Best way to allow users to upload to my web site?

I have my own domain name and a Linux web hosting account. It supports PHP (but not Java). I would like to be able to allow a defined set of users to upload photos. I want the user interface to be as easy as sites like Facebook or Photobucket (well maybe not that easy, but it should be fairly browse-and-upload-ish).

I am collecting photos from 100 users to use in a yearbook. I considered just using Photobucket but it seems like it would be very tedious to download the photos back to my computer to work with them. One option is just using Photobucket and then ordering books from them. Not sure if the organization will go for that.

I have a software development background but am not a web developer as such. I’m pretty comfortable (but not expert) with HTML, PHP, and JavaScript.

Simple form and some PHP scripting will solve your problem.
If you password protect the directory and only give our the uname/pwd to specific users you can get away without a lot of security which makes the job easier.

Now you have a different problem :slight_smile:

There are some plugins for WordPress that will let you do this, for example the members plugin.

Why not just use a FTP server? Internet Explorer will open it just like a local folder.

I have done this kind of thing for giving users access to certain pages, but I don’t know how to do the actual file upload. Hint?

That’s a possibility but most of these folks have never heard of ftp (I know, with Explorer it looks like like moving files around), I would have to write out instructions for what to do, and it is subject to their errors. I would rather have “click on this link, then hit the Browse button to select your files!”, something idiot-proof and similar to things they’ve seen before.

Put a ftp link on your website (a href=ftp://…) and they won’t know. They’ll just be prompted for credentials and that’s it. Why complicate matters?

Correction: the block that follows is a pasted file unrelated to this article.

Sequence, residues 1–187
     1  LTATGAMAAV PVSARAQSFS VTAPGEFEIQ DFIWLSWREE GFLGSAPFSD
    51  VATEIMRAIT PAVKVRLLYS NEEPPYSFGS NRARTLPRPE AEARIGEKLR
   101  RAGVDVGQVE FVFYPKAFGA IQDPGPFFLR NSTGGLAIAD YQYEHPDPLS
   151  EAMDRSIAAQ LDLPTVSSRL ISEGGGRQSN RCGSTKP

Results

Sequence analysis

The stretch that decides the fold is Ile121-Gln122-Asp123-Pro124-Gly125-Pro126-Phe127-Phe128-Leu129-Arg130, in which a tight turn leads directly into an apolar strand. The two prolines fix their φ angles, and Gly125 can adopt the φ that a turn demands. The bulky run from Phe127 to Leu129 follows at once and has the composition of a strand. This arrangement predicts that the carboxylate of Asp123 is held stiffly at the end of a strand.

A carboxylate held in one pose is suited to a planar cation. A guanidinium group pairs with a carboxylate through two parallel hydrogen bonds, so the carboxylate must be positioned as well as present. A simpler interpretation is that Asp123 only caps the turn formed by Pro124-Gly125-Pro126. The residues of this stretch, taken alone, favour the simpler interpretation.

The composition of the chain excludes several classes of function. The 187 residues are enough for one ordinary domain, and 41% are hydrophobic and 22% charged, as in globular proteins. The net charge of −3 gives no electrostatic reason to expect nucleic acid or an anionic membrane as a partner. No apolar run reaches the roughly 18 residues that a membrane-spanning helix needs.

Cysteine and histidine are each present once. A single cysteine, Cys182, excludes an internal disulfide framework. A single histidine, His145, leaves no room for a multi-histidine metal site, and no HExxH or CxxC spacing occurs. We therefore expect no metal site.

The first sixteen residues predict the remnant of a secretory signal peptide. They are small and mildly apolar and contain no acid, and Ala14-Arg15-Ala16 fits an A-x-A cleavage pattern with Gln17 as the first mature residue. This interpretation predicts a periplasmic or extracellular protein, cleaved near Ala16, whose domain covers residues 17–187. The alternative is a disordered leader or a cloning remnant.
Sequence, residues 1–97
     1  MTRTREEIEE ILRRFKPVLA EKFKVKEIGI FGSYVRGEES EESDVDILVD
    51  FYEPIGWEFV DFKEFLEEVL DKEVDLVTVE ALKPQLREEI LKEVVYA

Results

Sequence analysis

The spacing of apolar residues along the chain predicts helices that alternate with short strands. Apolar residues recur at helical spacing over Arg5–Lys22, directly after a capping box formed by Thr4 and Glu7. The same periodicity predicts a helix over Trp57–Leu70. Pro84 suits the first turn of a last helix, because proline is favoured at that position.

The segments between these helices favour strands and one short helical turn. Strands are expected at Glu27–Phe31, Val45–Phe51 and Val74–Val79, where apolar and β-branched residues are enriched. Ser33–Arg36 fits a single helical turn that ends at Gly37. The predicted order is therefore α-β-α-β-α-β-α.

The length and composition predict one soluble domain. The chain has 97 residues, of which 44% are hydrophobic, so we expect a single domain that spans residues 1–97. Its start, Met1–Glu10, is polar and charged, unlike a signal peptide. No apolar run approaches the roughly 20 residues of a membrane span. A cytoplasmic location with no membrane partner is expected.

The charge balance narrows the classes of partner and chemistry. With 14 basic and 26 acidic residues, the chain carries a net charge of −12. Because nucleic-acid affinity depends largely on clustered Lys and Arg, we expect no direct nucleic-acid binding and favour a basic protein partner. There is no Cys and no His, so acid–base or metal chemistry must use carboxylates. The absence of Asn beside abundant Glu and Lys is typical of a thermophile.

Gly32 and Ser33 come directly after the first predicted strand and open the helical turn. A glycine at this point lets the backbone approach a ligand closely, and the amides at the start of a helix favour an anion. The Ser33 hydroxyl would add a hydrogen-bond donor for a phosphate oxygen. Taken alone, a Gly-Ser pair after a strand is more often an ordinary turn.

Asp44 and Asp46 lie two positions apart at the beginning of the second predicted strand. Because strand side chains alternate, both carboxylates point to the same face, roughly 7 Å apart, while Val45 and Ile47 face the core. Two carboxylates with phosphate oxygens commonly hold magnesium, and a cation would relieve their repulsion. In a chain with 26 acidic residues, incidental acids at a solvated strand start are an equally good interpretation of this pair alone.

Google “php upload form” for oodles and oodles of examples.

Seconding this. Between user permissions, different browsers’ different FTP implementations and upload methods, port blocking, mobile browsers, institutional proxies, etc., etc., FTP is just unnecessary complicated in this day and age.

ETA: Only certain versions of IE in certain configurations will open it like a regular folder, and even then users might not understand how an FTP folder is different from any other folder on their computer, and they might be afraid of dragging and dropping things into some random folder-looking thing for fear of losing it.

If it ain’t gramma-proof, it ain’t worth implementing.

How about simply asking people to email the photos to you as attachments?

Most email accounts have max outgoing attachment sizes (25 megs or so is common).

@ CookingWithGas:

How about Google’s PicasaWeb instead? It allows collaborative albums (multiple people can upload to the same album) and downloading to your computer is a cinch; one click downloads all photos to your local Picasa software, from which you can make adjustments, order prints from various providers, or simply export/copy the files to any other folder.

What’s even neater is that any changes you make locally (captioning, tagging, photo adjustments) can be automatically synced back to the online album, so everyone can always see your latest changes and also order prints and such themselves directly form the website if they want to.

And these photos are going to be larger than that?

They may or may not be. A modern digital photo, unchanged from the camera, can be 1 to 3 megabytes each or more (rarely). That might mean a max of 8 to 25 photos per email, which may or may not be a big deal.

A bigger issue in the past is people editing their photos in Paint and then unknowingly saving them as BMPs or PSDs and then sending those; the filesizes are huge that way. But I haven’t seen that in quite a while.

Thanks for all the replies. Not implemented live yet, but I have found out to do this in PHP (thanks ZipperJJ) and have a working prototype locally. I also like the Picasa idea and will look into it.

Reply, 3M is a *minimum *size for modern digital photos. My Canon 20D usually produces files that are 3.5M in highest quality JPG mode, and double that in RAW. And that camera dates back to 2004.

I will be collecting little league photos from parents to compose a slide show. I do not want to have to deal with detaching 6 photos each from 106 emails. I guess not_alice is not around anymore to read that…

I don’t know that all that many people have digital SLRs compared to digital compacts, but maybe the megapixel count has increased similarly nonetheless.

Hope you find something suitable.

I wonder what happened to not_alice…?